In this article, Brenda Martens, LEED Fellow and Founder of aedify, outlines LEED Version 4. She discusses how v4 differs from v3 and the consequences of the delayed release of v4. Plagued with difficulties and delays, v4 has been the most controversial release of LEED to date, but it raises the baseline of what we consider a green building to be and it’s important for the industry to work with the new rating system now rather than waiting for the market to catch up. Brenda covers more information about LEED v4 in her course Leed Project Management.
- LEED v4 has been carefully considered and makes the “right” environmental choice. It speaks to the quality of views, and rewards the cumulative benefits of the many sustainable attributes of materials, rather than looking at those attributes in isolation
- LEED is not, never has been, and never will be “perfect, but is meant to represent the performance of the top 25% of buildings. As its adoption is delayed, building codes will have performance requirements that overtake those of LEED 2009 (v3)
- LEED v4 allows the reduction in the total waste generated to earn the same credit, and additional credit as “exemplary performance” for projects that both reduce the waste generated and divert what waste they do produce from landfill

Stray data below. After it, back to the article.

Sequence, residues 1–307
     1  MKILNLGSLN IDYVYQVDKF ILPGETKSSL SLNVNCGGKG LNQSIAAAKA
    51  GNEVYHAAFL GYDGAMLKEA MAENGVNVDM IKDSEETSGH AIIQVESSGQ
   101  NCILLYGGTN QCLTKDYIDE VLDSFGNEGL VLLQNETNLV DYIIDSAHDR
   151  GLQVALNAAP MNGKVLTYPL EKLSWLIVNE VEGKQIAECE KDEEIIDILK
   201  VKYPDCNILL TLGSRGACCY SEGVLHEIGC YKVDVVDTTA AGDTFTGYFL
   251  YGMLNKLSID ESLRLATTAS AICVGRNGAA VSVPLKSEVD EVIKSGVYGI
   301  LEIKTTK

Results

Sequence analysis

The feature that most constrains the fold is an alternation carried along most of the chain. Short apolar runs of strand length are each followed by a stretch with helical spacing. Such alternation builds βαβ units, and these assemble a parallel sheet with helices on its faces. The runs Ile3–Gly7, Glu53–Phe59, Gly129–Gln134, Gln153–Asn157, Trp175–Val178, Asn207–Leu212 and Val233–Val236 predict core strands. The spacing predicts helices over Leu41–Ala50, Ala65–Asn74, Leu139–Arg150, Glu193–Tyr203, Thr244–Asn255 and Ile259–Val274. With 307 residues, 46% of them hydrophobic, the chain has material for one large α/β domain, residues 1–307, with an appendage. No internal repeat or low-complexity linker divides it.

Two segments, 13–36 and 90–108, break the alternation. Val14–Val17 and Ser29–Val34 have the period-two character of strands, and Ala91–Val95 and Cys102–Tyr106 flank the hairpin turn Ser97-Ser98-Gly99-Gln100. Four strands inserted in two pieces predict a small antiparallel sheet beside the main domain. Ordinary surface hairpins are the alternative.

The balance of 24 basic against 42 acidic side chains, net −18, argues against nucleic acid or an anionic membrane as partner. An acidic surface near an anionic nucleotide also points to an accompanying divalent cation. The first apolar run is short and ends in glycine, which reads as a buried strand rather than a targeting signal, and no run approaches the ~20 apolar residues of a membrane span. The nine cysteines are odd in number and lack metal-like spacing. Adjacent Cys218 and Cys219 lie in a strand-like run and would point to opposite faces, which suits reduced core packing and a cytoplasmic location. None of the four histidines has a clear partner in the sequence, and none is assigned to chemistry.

Putting the “Leadership” Back in LEED
At the end of October last year the US Green Building Council made the unexpected announcement that they would delay the full adoption of LEED Version 4 an additional 16 months, extending the original date from June 2015 to October 2016. This announcement took most in the industry by surprise, with the USGBC initially citing a poll (given only to a fraction of the attendees) taken at their annual GreenBuild conference as an indication that the market is not yet ready, where 61% of the respondents were either “not ready” for the adoption of v4, or “unsure.” When pressed, the USGBC released the information that the “overwhelming factor” in the decision was that fewer than 400 projects had registered in the rating system over its first year, as compared to nearly 5,000 projects that registered for LEED 2009, its predecessor, in its first year on the market. It should be noted however that this is not a fair comparison. When LEED 2009 was released it was the only version possible to register a project in, whereas for the past year project teams have had the option of registering in 2009 or v4. Given the availability of a less stringent rating system that is more familiar, most owners and teams have, not surprisingly, opted for LEED 2009.